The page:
10 Best Camping Chairs | April 2017
- detachable drink tray
- padded arm- and head-rests
- fairly expensive for a camp chair
|Rating||4.2 / 5.0|
- attached backpack shoulder straps
- extra cushion for lumbar support
- not as compact as other models
|Rating||3.8 / 5.0|
- storage pocket for reading material
- fits inside most car trunks
- tubing is not very strong
|Rating||3.7 / 5.0|
- breathable mesh seat and back
- 300-pound weight capacity
- difficult to fold back up
|Rating||4.1 / 5.0|
- insulated cooler bag under seat
- anti-slip surface
- may be unstable on soft ground
|Rating||4.4 / 5.0|
- suitable for indoor use
- large bag-shaped pocket on rear
- not good for backcountry camping
|Rating||3.5 / 5.0|
- includes detachable cooler
- good for tailgating
- padded and adjustable back straps
|Brand||ONIVA - a Picnic Time b|
|Rating||4.6 / 5.0|
- dual beverage holders
- hanging pockets for small items
- basic design without a lot of frills
|Rating||4.9 / 5.0|
- durable 600d polyester fabric
- armrests are padded
- backed by lifetime warranty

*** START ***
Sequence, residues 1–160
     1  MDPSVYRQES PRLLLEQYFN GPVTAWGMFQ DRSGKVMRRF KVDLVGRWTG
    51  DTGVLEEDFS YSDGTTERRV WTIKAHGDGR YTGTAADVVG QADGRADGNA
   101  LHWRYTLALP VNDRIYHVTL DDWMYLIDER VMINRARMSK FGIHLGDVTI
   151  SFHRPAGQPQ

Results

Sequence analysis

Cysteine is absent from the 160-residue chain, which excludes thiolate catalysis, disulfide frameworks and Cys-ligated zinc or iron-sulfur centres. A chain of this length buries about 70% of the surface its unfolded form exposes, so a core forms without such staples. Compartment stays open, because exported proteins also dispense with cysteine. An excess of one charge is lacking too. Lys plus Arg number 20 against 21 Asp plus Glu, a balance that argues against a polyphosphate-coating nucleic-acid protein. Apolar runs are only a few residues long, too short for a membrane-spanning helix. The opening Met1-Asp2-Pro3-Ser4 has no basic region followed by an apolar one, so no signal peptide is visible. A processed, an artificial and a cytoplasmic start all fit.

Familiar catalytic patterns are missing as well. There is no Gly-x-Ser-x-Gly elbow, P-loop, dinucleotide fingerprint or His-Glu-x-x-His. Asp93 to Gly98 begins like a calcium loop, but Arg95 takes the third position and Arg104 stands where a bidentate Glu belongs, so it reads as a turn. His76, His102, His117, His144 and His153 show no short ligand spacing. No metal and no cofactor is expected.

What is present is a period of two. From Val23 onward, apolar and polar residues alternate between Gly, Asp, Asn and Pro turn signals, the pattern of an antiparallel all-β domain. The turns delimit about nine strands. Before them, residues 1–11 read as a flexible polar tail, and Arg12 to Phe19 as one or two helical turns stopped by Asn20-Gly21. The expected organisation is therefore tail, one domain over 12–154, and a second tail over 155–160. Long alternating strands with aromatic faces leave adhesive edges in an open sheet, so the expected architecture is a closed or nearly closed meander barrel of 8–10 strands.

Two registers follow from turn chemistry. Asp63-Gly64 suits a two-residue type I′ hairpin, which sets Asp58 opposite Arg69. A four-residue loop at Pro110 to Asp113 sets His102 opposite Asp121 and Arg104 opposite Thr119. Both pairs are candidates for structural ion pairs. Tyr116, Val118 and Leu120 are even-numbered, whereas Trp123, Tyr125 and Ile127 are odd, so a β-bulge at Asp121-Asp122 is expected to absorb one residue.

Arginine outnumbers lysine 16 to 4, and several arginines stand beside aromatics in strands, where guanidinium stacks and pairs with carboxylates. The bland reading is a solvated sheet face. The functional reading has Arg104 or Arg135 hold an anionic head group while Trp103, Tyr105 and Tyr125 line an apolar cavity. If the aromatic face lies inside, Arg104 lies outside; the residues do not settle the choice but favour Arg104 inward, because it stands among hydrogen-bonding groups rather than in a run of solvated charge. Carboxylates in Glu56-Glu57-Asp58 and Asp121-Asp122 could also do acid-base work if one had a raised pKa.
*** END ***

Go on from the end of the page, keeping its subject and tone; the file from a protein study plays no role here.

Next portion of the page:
|Rating||4.9 / 5.0|
- includes carrying strap and bag
- mesh back keeps you cool
- high quality materials
|Rating||4.8 / 5.0|
Kicking Back In A Camping Chair
Camping chairs are designed to balance the need for a lightweight and portable piece of furniture with the simple pleasure you can derive from having a comfortable seat outdoors. A great camping chair is compact enough to be easily folded up, carried, and then stored away, yet can still hold any average sized adult with ease.
Keep in mind that no camping chair is truly suitable for use during a long distance trek. If you have to hike more than a mile or so to your campsite, or if you are on an overland journey of many days (or even weeks), then your seat is going to be the ground, a stone, or a log. Even the lightest weight camp chair adds as much as ten pounds to your gear, and that's simply too much added burden for your legs or back.
Knowing that you will likely only use a camping chair where your camp site is close to your vehicle (or to a home, cabin, and so forth) liberates you from worrying too much about the chair's weight. Even most of the heaviest camping chairs weigh in at less than twenty pounds, so they can easily be moved across shorter distances. Instead, consider first in which position you will be most comfortably seated given both your preferences and your hobbies.